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Financier Stanford pleads not guilty in $7 billion fraud scheme

[JURIST] Billionaire financier Allen Stanford [BBC profile; JURIST news archive] pleaded not guilty Thursday to 21 charges of fraud, conspiracy, and obstruction in the US District Court for the Southern District of Texas [official website] but remained in prison overnight. Prosecutors opposed Stanford's release by filing a memorandum in support of detention [text] Thursday that argues Stanford would pose a flight risk if freed from custody. US Magistrate Judge Frances Stacy stayed [Boston Globe report] Stanford’s release on $500,000 bail until Friday so that federal prosecutors could appeal [Financial Times report].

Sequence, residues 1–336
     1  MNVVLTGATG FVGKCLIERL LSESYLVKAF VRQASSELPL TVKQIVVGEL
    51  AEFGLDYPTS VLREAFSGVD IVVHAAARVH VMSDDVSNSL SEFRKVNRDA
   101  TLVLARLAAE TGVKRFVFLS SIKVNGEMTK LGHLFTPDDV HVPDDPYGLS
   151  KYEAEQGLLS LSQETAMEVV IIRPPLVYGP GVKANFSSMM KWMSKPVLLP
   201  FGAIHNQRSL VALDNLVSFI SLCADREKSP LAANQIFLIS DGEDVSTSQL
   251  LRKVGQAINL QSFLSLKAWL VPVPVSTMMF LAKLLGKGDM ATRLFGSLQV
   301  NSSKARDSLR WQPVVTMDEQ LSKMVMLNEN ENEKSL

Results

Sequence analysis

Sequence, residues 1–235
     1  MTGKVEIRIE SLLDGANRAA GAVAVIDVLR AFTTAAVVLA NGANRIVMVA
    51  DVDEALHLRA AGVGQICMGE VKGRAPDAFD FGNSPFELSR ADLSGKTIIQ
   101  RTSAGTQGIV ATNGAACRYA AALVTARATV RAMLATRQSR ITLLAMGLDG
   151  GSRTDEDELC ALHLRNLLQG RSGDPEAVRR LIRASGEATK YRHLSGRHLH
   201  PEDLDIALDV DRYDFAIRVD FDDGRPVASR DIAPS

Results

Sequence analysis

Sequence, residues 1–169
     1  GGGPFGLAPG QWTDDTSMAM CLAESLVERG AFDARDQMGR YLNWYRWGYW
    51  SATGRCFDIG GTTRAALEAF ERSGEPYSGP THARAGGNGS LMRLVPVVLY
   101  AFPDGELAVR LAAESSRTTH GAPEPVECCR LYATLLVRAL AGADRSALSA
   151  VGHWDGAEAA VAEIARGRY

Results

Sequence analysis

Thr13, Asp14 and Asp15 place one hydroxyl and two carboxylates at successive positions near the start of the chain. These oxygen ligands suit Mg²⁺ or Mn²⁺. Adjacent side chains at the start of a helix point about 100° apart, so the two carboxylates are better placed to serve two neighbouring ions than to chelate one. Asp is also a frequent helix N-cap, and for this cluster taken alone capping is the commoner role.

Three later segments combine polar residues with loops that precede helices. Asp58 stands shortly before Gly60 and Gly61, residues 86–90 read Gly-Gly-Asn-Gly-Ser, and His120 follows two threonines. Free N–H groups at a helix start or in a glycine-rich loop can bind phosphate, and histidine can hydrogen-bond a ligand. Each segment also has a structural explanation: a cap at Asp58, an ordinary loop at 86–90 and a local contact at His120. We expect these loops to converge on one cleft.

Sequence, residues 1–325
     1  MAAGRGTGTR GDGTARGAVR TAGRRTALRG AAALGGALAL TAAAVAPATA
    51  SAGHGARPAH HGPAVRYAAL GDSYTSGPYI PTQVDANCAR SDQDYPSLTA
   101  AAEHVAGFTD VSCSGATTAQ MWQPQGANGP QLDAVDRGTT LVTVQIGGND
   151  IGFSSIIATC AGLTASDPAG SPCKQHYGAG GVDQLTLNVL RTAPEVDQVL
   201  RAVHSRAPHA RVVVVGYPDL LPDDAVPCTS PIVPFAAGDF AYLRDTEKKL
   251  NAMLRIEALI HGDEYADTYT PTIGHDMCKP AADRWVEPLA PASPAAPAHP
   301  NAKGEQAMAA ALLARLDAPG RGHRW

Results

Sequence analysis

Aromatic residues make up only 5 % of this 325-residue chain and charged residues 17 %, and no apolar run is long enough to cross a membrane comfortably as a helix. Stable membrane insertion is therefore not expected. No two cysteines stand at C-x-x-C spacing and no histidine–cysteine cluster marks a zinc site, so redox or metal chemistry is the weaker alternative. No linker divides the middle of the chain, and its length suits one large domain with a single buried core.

Stanford was indicted [text, PDF; JURIST report] last week on fraud and obstruction charges related to an alleged $7 billion fraud scheme. Through three of his investment companies, Stanford allegedly violated the Securities Act of 1933, the Securities Exchange Act of 1934 and the Investment Company Act of 1940 [texts]. He was charged [complaint, PDF; JURIST report] in February with running a fraudulent investment scheme by selling certificates of deposit on the promise of improbably high interest rates.

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Paper Chase is JURIST's real-time legal news service, powered by a team of 30 law student reporters and editors led by law professor Bernard Hibbitts at the University of Pittsburgh School of Law. As an educational service, Paper Chase is dedicated to presenting important legal news and materials rapidly, objectively and intelligibly in an accessible format.

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